If dry eye is a constant problem for you no matter what the season, the natural drop in humidity during the winter months may only worsen the problem.

Fortunately, you can ease the pain of dry eyes by:

  • Using Over-the-Counter Liquid Tears or Rewetting Drops if You Wear Contacts
  • Wearing Glasses or Sunglasses on Windy Days
  • Taking Omega-3 Fish Oil Supplements
  • Running a Humidifier to Increase Humidity Inside
  • Drinking More Liquids
  • Blinking Often
  • Avoiding Sitting or Working Near a Vent, Register, or Radiator
  • Taking a Break from Your Laptop or Digital Device Every Few Hours
  • Visiting Your Optometrist if Dry Eye Symptoms Continue

2. Too Many Tears

As strange as it may seem, watery eyes can actually be related to dry eye. When your eyes are dry, your body reacts by producing more tears in an attempt to remedy the problem. All of the tips mentioned above can be helpful if you notice that your eyes are often watery during cold weather.

3. Red, Itchy Eyes

Redness and itching can also be symptoms of allergies. Although seasonal allergens like pollen and grasses may no longer be a problem, you might still suffer from symptoms if you're allergic to dust mites, pet dander, or mold.

Since you spend more time indoors during the winter, your exposure to these substances increases, triggering eye symptoms. Harvard Health Publishing notes that allergens can be spread throughout your home by your furnace.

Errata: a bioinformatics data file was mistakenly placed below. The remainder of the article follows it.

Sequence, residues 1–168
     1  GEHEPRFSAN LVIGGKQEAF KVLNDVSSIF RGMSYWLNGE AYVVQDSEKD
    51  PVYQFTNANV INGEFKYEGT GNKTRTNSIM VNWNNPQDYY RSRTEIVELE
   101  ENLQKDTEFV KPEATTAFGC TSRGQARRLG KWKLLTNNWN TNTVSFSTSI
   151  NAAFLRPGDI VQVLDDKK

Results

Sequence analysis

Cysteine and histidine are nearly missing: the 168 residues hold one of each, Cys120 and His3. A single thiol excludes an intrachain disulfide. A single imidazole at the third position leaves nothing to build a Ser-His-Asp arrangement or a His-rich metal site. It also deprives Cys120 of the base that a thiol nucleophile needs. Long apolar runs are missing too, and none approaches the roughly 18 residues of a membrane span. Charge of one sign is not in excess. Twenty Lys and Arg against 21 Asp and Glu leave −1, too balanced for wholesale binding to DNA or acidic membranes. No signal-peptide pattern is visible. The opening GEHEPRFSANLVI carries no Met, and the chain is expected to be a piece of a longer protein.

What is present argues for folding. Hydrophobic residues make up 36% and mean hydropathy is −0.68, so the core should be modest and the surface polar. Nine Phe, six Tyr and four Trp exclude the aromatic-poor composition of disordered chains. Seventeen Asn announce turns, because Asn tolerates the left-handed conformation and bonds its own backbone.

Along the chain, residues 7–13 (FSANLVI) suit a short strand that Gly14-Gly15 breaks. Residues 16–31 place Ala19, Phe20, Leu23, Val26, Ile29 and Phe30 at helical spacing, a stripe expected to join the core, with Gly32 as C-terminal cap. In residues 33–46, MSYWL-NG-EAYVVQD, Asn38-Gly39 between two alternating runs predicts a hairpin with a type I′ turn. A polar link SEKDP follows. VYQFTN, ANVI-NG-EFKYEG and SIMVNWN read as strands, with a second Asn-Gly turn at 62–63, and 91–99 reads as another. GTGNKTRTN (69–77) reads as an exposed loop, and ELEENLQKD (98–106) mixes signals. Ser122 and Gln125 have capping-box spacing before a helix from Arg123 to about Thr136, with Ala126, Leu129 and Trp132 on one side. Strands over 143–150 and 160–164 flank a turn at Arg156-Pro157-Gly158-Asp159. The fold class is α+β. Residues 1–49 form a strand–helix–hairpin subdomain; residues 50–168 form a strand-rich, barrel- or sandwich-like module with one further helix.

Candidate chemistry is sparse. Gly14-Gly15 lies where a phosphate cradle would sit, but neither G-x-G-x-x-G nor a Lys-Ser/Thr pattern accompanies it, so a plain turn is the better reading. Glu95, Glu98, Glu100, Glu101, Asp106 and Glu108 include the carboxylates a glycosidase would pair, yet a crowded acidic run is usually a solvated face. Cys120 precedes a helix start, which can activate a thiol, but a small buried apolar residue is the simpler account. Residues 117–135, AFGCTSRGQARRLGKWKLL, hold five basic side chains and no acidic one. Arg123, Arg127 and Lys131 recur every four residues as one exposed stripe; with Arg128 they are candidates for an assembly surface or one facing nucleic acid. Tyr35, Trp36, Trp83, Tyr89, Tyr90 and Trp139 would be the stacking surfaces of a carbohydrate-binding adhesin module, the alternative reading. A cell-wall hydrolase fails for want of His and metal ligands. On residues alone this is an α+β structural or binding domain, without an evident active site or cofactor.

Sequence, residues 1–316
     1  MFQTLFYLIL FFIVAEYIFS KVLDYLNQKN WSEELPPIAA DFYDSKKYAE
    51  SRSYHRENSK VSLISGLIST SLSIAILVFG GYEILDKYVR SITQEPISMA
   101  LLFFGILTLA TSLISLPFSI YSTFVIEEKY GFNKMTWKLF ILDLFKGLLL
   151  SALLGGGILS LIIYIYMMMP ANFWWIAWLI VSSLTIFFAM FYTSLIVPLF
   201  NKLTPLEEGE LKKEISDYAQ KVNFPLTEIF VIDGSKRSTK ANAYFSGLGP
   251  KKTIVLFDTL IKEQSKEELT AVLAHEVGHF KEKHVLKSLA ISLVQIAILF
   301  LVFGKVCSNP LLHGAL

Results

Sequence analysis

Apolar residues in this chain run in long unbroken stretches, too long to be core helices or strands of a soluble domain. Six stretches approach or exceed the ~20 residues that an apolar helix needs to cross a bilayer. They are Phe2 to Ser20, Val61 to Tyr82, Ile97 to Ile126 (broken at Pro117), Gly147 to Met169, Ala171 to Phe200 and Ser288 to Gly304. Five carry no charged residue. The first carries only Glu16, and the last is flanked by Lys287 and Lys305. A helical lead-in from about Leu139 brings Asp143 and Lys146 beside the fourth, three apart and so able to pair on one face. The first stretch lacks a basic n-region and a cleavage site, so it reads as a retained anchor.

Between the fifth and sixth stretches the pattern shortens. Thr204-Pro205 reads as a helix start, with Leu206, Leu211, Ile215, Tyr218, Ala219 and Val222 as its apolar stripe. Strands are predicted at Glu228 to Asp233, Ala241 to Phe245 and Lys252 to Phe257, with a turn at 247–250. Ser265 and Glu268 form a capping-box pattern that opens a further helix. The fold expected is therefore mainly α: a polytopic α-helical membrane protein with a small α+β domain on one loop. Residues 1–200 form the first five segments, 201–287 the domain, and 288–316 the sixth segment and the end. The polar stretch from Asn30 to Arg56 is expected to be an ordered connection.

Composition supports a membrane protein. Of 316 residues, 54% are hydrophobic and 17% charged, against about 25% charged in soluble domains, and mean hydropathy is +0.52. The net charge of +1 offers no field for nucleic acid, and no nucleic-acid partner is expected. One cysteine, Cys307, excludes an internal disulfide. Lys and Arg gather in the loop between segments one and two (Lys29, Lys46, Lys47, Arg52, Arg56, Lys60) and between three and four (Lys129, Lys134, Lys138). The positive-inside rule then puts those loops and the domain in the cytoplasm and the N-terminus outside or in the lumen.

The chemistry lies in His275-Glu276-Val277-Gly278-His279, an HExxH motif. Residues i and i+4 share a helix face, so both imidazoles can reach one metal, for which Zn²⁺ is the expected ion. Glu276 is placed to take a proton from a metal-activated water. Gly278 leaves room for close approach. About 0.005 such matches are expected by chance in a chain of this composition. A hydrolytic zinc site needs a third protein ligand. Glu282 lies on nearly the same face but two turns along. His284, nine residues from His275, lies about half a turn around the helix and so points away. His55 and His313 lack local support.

Improving your eye comfort can be as simple as:

  • Covering Bedding in Washable Dust Mite Covers
  • Vacuuming or Mopping Floors Often
  • Brushing Pets Outdoors if It's Not Too Cold
  • Replacing Pillows or Bedding That Contains Down or Feathers with Down-Alternative Products
  • Keeping Pets Out of Your Bedroom
  • Changing Sheets and Pillowcases Regularly
  • Taking Allergy Medication and Using Eye Drops to Relieve Symptoms
  • Changing Your Furnace Filter

4. Photokeratitis

If your eyes are red and painful after spending time outdoors, photokeratitis could be the cause. The condition may be more likely to occur if you spend time around snow and ice without wearing eye protection. Because both of these substances reflect the sun's rays, your corneas (the clear tissues over your irises and pupils) and the conjunctiva (the membrane that covers the white parts of your eye and the insides of your eyelids) can become sunburned.

In addition to pain and redness, other symptoms of photokeratitis may include light sensitivity, halos around lights, blurred vision, tearing, headaches, twitching eyelids, or a foreign body sensation.

Fortunately, photokeratitis usually goes away on its own. If the symptoms linger more than a day or two, you're in severe pain, or you're having trouble seeing, call your optometrist. In the future, you can prevent photokeratitis by wearing sunglasses or goggles that block both ultraviolet A and B (UVA and UVB) rays. Donning sunglasses or goggles year-round may also reduce your risk of cataracts and skin cancer in and around your eyes.

Are you struggling with dry eye or other eye issues because of the cold weather? We can help ease your discomfort. Contact the office to schedule your appointment.

Sources:

American Optometric Association: Winter is coming: Help Patients Combat Dry Eye, 12/14/17

American Academy of Ophthalmology: What is Photokeratitis — Including Snow Blindness?, 1/13/20

Harvard Health Publishing: How Can I Reduce Symptoms from My Winter Allergies?, 12/19